Sunday, August 23, 2020

The Astral Plane

There is mentioned in certain books and scrolls of arcane lore a philosopher from the East named Fu Hsi. Fu Hsi’s lifework was devoted to understanding and traveling through the Astral Plane. Two famous treatises on the Astral Plane & Astral Travel credit Fu Hsi with the rediscovery of, as well as extensive mapping of, the Astral Plane.
from a campaign scenario by Tim Kask

Concepts regarding the astral plane date back to antiquity, although Gary Gygax and Tim Kask were primarily influenced by Dr. Strange.

Depiction of the astral plane in the Marvel Universe, from a panel in The Avengers #240 (February, 1984).  Pencils by Al Milgrom, inks by Joe Sinnott, colors by Christie Scheele, letters by Jim Novak.

Astral projection in OD&D was first described in the Greyhawk supplement.*  The 9th level magic-user astral spell "allows the user to send his astral form, undetectable to all but others on the astral plane, from his body to other places."

*as discussed in this post on DM David's blog

The concept of astral travel was further developed in Eldritch Wizardry, in the description for the psionic ability "Astral Projection":

Dangers are basically twofold: First, it is possible to meet some creature which can operate in the astral plane (demons do so, medusae and basilisks gaze into it, etc.). Secondly, the astral body is attached to the physical body by a silver cord.* If this cord is broken, then the body and the astral body are dead.

*the silver cord is a metaphysical concept, with biblical origins.

Eldritch Wizardry also makes reference to the hazards of the psychic wind:

There is a basic 10% chance that a psychic wind will be blowing within 100 miles of the physical body. There is a 50% chance that a psychic wind will be blowing beyond this distance. There is a 90% chance that there will be such a wind in space.

Blowing away snaps the silver thread. Losing 1–10 days occurs when the attempt fails, and the astral body is slingshotted in, instead of out. 1–100 days will be lost through this mind wrenching disorientation.

In his article "Planes: The Concepts of Spatial, Temporal, and Physical Relationships in D&D" from The Dragon #8, Gygax states that the Astral Plane is the means of transportation from the Prime Material Plane to the Outer Planes:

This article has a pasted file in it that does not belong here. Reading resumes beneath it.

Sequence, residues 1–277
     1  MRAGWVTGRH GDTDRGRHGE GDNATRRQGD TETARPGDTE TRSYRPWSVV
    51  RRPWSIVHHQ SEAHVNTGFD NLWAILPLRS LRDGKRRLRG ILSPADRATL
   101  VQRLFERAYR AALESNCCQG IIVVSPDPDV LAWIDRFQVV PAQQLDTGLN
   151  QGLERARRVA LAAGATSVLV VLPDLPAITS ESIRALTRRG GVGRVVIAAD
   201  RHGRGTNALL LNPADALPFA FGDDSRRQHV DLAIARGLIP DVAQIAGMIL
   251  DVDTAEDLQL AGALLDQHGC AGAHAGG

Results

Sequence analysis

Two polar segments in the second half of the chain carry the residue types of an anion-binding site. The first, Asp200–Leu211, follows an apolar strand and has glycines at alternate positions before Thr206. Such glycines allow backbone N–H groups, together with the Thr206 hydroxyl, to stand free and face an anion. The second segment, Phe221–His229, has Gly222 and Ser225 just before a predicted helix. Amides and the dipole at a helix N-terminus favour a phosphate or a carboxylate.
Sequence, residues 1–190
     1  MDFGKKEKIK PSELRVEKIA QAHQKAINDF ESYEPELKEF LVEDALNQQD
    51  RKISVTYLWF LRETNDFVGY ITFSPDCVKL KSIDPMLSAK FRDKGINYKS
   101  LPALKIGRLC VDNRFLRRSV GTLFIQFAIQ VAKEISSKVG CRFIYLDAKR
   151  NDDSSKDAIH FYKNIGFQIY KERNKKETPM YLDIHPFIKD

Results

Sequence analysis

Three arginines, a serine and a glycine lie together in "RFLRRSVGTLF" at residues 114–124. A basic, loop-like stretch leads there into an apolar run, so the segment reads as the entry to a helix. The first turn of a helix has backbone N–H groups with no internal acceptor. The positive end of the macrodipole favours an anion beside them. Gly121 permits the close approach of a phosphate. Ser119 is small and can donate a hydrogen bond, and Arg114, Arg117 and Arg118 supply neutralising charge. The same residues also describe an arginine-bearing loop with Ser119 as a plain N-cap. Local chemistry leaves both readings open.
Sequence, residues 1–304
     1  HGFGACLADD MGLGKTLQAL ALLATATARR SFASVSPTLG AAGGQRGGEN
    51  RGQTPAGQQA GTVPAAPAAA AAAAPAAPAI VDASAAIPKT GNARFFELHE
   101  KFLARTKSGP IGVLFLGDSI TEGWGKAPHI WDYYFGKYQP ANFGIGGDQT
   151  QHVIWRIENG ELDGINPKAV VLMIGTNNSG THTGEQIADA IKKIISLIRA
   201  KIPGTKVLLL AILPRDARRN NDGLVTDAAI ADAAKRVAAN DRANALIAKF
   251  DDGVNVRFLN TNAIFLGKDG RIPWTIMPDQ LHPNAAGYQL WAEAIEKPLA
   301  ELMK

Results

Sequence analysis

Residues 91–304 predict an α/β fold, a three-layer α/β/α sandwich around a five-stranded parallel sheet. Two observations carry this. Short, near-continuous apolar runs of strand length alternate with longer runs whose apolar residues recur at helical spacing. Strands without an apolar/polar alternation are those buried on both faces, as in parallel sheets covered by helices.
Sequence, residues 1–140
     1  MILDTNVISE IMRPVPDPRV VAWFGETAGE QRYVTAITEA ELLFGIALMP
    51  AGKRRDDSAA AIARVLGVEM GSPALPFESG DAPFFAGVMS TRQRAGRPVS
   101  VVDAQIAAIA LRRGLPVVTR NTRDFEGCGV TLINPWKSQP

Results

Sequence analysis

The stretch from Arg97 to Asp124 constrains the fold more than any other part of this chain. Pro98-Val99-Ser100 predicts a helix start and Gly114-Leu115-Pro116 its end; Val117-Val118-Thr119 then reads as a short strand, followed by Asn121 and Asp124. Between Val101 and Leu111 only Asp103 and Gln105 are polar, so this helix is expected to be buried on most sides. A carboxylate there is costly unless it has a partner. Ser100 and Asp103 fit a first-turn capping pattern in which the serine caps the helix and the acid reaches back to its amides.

1) The traveler must be in the Prime Material in order to travel into the Astral. The Astral can not be reached from the Elemental, Positive or Negative Planes.

2) The Astral will take a traveler to the first level of the Outer Planes. There are seven levels in Heaven and nine in Hell. The Astral can only bring you to the first level of these Planes. A physical form of travel must be used to proceed to the other levels. Travel to the Astral “Plane” can be done with a wish or the Astral Spell

Roger Moore further described the astral plane in an article in Dragon #67, triggering an influx of mail, which resulted in a column in Sage Advice devoted to the subject, in Dragon #71.


  1. Also please note that one of the Undying Wizards from Barker's Tekumel is also named Fu Shi. He participates in other-planar meetings between important political figures in the novel "The Man of Gold."

    1. Thanks for letting me know - I believe that Empire of the Petal Throne had already been published when Tim Kask devised this scenario, so I wonder if the name is a nod to Tekumel...

    2. I don't think Fu Shi is mentioned in EPT, but it's not impossible that Tim ran into someone from Barker's circle (or Barker) who may have mentioned the name. Also Barker was active in SF/F fandom, and had created the whole Tekumel setting decades prior.